Most of us drive by cemeteries on a regular basis. If we take the time to observe our burial grounds, we might note the wide range of headstones commemorating people’s lives: some are huge, demanding attention, while others are miniscule, almost stirring sympathy.
But small, plain headstones can be misleading. They are in the case of Michael Joseph Mansfield.
On a simple, white, marble slab on a green hillside at Arlington National Cemetery stands a humble headstone that simply reads:
Michael Joseph Mansfield
U.S. Marine Corps
Mar 16, 1903
Oct 5, 2001
Who was Mansfield?
Was he just another one of the millions of Americans who’ve held the rank of private? Did he even have a family?
Nothing about the memorial stone begs attention, though the life it bears testimony of, does.
Though he held the lowest rank in the United States Marine Corps, Mansfield went on to become America’s ambassador to Japan. He even held the office of United States Senator from his beloved state of Montana.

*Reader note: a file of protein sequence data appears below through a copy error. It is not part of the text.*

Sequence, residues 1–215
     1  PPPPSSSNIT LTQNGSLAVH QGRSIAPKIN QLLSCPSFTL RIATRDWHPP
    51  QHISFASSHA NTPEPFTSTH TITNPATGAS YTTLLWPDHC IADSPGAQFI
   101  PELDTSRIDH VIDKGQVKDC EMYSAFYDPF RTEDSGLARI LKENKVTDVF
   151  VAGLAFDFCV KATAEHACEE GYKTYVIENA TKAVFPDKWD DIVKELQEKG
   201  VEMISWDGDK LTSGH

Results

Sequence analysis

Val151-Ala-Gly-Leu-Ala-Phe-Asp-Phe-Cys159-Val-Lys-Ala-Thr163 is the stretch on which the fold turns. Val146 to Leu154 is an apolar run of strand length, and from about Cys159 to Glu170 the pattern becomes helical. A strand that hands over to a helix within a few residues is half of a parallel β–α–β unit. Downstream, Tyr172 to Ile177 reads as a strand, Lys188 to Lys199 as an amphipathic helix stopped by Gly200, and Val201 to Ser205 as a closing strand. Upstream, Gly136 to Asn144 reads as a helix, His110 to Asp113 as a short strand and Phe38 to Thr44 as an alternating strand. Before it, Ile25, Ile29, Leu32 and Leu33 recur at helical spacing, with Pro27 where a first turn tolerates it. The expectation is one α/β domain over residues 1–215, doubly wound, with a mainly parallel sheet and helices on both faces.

He was the longest serving majority leader in the Senate, not an easy task, given that his years in public office were muddied by multiple wars – both hot and cold, civil rights protests, terrorist attacks, and presidential impeachment hearings. For 34 years, from Harry Truman’s presidency to Jimmy Carter’s, Mansfield served in Congress.
He helped pass the Civil Rights Act of 1964. He modeled genuine fairness during Nixon’s impeachment hearings. He forbade his campaign fundraisers from accepting money from his multimillionaire friends. He never took credit for his work – even hard work – and often didn’t even hang around for the photo op…even if it was with the President of the United States.
In short, Senator Mansfield embodied what we dream our political leaders could be. He didn’t do it for the prestige or the legacy; he did it for others. In fact, before he died, he was quoted as saying, “When I’m gone, I want to be forgotten.”
Not a chance, sir.
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(Resource cataloged by David R Smith)